House Calls

WIN 2018

House Calls Magazine is a quarterly publication that focuses on health and wellness. It includes a wide assortment of articles with topics on the latest health and wellness information, nutrition, safety, lifestyles, and more.

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Page 23 of 54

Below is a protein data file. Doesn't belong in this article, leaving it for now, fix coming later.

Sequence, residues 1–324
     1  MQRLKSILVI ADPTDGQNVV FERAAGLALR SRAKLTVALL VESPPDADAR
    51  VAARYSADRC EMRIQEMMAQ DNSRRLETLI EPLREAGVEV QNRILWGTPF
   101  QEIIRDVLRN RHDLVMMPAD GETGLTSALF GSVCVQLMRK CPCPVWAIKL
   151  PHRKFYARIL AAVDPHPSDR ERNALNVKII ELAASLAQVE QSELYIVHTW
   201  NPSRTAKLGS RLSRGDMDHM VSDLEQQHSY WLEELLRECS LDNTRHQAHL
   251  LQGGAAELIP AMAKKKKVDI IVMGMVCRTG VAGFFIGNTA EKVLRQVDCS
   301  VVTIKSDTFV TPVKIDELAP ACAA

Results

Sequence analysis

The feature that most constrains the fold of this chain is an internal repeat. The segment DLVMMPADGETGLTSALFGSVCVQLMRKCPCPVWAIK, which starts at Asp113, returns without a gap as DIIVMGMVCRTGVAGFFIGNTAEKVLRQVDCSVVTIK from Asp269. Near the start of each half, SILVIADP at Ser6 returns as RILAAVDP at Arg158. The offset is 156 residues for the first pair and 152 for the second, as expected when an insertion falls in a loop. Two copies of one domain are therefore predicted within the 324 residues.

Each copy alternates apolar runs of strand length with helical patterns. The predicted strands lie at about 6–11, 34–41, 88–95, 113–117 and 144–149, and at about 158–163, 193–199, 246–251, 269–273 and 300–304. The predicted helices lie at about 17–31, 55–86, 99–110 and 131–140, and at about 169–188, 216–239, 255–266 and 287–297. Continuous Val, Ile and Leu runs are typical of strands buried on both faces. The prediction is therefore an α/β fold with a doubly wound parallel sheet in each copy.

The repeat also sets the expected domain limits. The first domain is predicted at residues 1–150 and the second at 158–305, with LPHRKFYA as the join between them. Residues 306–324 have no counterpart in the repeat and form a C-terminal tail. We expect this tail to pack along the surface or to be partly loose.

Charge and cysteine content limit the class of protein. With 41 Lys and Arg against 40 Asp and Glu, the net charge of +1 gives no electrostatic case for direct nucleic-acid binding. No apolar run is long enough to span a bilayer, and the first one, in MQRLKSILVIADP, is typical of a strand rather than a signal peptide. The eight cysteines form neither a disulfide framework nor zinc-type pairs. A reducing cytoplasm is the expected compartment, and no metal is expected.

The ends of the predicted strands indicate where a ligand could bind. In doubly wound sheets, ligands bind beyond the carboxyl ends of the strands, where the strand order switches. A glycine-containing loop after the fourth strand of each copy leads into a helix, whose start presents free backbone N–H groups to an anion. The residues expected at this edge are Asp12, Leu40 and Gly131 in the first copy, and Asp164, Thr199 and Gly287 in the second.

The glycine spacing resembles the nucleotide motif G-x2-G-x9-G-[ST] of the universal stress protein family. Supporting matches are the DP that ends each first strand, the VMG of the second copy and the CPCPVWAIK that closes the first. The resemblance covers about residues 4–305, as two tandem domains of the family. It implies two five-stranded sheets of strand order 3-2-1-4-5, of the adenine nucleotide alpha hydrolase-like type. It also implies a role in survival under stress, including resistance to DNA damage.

h o u s e c a l l s { winter 2018 } 19 In the dead of winter, it can be all too tempting to stay indoors. Yet there's one pal who will always urge you to go outside and get active—your pup! "If I mention 'walk' in front of either of my dogs, their ears perk up," says Jim Merryman, owner of Roper St. Francis affiliated therapy dog, Molly. "We'll do four miles before I know it." Indeed, dog walking is a fantastic wintertime exercise: Each step boosts the heart health of both person and pet; the cooler temps are safer for your furry friend (overheating isn't an issue); and you'll reap the many benefits of fresh air and vitamin D, both of which we tend to lack this time of year. MAKE IT COUNT Dog-Walk Your Way to Good Health Pace yourself. Keep a steady pace of three miles per hour (or 20 minutes per mile) and you'll burn roughly 240 calories in an hour. Download a fitness app like MapMyRun to calculate your pace, distance, and calories burned. Let 'em run. Next time your pup's chomping at the bit to go faster, let the tugging be an encouragement to quicken your pace. Studies have shown that interval training (short bursts of running interspersed with walking) can burn more fat than brisk walking or jogging at a constant pace. MAKE IT COUNT P H O T O G R A P H S ( 2 , D O G S & H E A T H E R ) B Y L E I G H W E B B E R Always walk in front of or alongside your dog, especially in icy conditions. Falls from being pulled by or tripping over pets and pet paraphernalia (like leashes) sends roughly 87,000 people to the emergency room each year, according to a 2010 CDC report. If your dog won't maintain proper heel with a slack leash, consider investing in professional lessons. Use a short (roughly six-foot), non-retractable leash. Keeping your dog close by allows you to quickly respond to a sudden lunge or jerk toward passing dogs, squirrels, or other distractors. Experts agree that retractable leashes (which can extend to be more than 20 feet long) pose a number of potential health risks for both dog and human, including burns, car accidents, and even amputations. Wear bright, reflective clothing, especially when strolling during early morning or evening hours. As a bonus, opt for a reflective collar and leash, or a leash with a light attached. PROPER FORM: Walk one dog at a time. Juggling multiple leashes—especially on busy roads and around other dogs—can be dangerous. If you have a pair of pups, take each dog out individually (you'll get double the mileage!) or enlist a friend or family member to stroll alongside you with the other. Head to a dog park. Socialization is a key component of canine health (it helps Fido learn pack decorum and expend mental and physical energy). You'll benefit from mingling with fellow dog owners, too, as social interaction boosts well-being and decreases feelings of depression.

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